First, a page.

THE BODYGUARD: THE MUSICAL Opens The Fabulous Fox Broadway Series

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Deborah Cox in THE BODYGUARD: THE MUSICAL, Playing the Fox Theatre 10/3-10/15. Photo Credit: Fox Theatre

Hollywood is a funny place. Where else would you go to find a movie like 1992’s The Bodyguard starring cinema superstar Kevin Costner and pop diva Whitney Houston, which somehow manages to be mediocre at best but still manages to have the best selling soundtrack of all time? I know where else: Broadway. There isn’t a single property in Tinseltown that someone, somewhere, isn’t writing a book or songs for to turn that film into the next smash hit in Manhattan. Some of them work reasonably well—Bring It On and Sister Act were both pretty entertaining. Others, like Dirty Dancing and A Christmas Story, well, the less said about those the better. I’m not sure why someone thought The Bodyguard: The Musical would succeed where the film fell short, but nonetheless someone did and now its national tour has arrived to kick off the Fox Theatre’s 2017-2018 Broadway Series.

That may seem like a gloomy introduction, but to be honest I’m just never very excited about films adapted for the stage (or the reverse, for that matter). That said, I was reasonably well entertained. Judson Mills, a prototypical leading man with experience on the stage, television and film, is probably better suited for the roll of Frank Farmer than Costner was—he took himself far too seriously in those days. His co-star is Deborah Cox, a big star in her own right filling Whitney Houston’s shoes. No, wait, let me rephrase that. Cox is playing the role of Rachel Marron, not the roll of Whitney Houston. That’s an important distinction to make and not one that the St. Louis audience on Tuesday night entirely grasped. Cox herself is a multi-platinum artist, a three time Juno Award (the Canadian Grammy) winner and actually collaborated with Whitney on the duet “Same Script, Different Cast.” The audience seemed to find her acting to be good but “she’s no Whitney.” She wasn’t trying to be. She sang many of her songs the Deborah Cox way, and I think audiences should try to appreciate the subtle differences of a top star putting her own spin on familiar favorites. To put it another way, would you expect Christina Aguilera, Toni Braxton or whomever you choose to do a perfect impression of Whitney for two hours? Of course you wouldn’t.  She’s also a capable actress, but she seems to play Rachel a little guarded, even when she doesn’t have to.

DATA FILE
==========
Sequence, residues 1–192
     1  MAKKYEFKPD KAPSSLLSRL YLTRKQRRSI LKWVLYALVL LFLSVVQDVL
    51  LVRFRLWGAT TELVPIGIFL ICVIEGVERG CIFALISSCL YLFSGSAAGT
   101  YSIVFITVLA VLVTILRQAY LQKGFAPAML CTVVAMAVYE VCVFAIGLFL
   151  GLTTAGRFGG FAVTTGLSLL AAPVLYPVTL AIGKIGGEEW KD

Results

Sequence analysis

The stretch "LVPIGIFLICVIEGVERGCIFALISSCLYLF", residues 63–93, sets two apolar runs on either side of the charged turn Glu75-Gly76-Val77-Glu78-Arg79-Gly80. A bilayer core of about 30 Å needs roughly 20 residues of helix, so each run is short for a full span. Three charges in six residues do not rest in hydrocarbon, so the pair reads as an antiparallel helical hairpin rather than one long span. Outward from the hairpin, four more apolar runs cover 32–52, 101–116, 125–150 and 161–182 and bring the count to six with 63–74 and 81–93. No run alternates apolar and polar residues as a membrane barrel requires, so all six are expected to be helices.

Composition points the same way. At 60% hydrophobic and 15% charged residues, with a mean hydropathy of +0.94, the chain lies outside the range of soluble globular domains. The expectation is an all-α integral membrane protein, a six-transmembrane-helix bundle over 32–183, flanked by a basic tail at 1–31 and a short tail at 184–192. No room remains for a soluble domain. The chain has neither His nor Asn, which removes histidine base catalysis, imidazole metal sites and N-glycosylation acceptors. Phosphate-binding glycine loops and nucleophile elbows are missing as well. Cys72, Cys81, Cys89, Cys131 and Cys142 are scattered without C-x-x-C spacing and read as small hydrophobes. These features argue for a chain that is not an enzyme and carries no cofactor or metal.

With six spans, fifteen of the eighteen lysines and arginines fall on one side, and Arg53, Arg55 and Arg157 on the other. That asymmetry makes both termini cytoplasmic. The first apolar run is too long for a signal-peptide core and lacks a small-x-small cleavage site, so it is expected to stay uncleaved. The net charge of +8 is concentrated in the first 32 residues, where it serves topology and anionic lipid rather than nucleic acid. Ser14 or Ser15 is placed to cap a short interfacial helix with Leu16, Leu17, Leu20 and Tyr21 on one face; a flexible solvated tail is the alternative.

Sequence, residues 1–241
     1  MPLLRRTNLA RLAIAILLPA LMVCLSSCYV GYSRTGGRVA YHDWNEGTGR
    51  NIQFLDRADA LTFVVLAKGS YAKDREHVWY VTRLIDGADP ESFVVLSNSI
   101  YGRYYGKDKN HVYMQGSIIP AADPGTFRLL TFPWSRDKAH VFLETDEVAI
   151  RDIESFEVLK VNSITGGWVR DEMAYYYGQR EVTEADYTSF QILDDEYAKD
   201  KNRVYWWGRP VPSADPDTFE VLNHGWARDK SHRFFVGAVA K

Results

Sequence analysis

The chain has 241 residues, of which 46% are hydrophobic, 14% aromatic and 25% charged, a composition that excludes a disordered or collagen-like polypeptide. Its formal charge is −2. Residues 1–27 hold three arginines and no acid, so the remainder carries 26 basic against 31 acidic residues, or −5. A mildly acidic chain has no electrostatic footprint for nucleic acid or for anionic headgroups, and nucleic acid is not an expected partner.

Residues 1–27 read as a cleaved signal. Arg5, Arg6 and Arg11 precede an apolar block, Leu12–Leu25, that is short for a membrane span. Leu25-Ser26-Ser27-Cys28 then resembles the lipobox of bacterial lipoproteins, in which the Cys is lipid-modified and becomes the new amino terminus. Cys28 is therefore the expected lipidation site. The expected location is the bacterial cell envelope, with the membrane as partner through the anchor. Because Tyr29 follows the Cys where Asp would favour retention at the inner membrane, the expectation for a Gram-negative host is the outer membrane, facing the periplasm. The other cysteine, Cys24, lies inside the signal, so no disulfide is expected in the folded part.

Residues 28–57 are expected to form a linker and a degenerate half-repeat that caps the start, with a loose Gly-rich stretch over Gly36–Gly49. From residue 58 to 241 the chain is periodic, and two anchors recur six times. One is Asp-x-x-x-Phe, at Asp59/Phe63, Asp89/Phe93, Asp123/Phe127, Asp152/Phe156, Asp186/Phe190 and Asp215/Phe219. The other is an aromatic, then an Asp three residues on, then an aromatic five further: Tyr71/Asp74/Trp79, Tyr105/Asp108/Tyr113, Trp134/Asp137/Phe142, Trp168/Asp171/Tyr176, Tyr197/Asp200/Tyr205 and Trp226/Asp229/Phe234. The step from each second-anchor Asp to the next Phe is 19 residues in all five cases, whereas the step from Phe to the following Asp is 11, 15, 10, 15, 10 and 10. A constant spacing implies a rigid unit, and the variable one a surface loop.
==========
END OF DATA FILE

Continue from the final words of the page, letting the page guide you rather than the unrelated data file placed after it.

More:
However, there’s internal pressure on Cox to be exactly that, with Jasmin Richardson as Rachel’s sister Nicki. Richardson does a very good Whitney, and the St. Louis audience gave her a perceptively bigger ovation than they gave Deborah Cox. She was certainly a highlight of the show, but she didn’t do that much comparatively. Among the rest of the supporting cast, Jonathan Hadley was excellent as Sy Spector and Kevelin B. Jones III was a delight as Fletcher, Rachel’s son. This youngster has a sure future if his dynamic young voice doesn’t get corrupted by those harsh teenage years. Other audience may enjoy seeing Sebastian Maynard-Palmer, who splits the Fletcher part with Kelevin from night to night as enforced by labor law. Sadly, the Assassin, played by Stefan Raulston, isn’t fleshed out at all. Every clue we get to his motivation is just spelled out for us by Frank’s pal at the Bureau.  

The sets and the lighting were quite nice. I enjoyed the “noir” feel of certain segments, where the sets seemed to sweep on into the rafters, giving Frank Farmer a more Dashiell Hammett kind of vibe than the Costner film offered.  Recreating the concert scenes from the film was a challenge that the show’s director, Thea Sharrock, pulled off pretty well, and the costumes were sharp, and occasionally required some semi-quick changes from Deborah Cox. The biggest technical issue of the night came from the sound engineer. As you may have heard, things have been rather tense in St. Louis lately and there were signs posted on the theatre’s doors warning the audience of loud gunshots and simulated gunfire. They tried to announce this via the sound system before the curtain went up, and they had to repeat it four times before everyone heard it. I was seated about 15 rows from the stage and had to strain to hear the actors’ lines during the first act, though the songs came through better. They finally seemed to figure it all out in time for the second act. As for the gunplay, it was mostly offstage or in abstract segments, and that seemed to weaken the emotional impact those important scenes could have had.

I think audiences will generally get out of it what they want to get from it. If you want a great love story for the ages, superbly acted and perfectly produced, The Bodyguard still isn’t going to cut it, live or on video. If you want a solid--occasionally excellent--Whitney Houston tribute performance, you’ll probably be satisfied.

The Bodyguard plays the Fabulous Fox Theatre October 3-15, 2017. For more information, please visit

3.0 / 5.0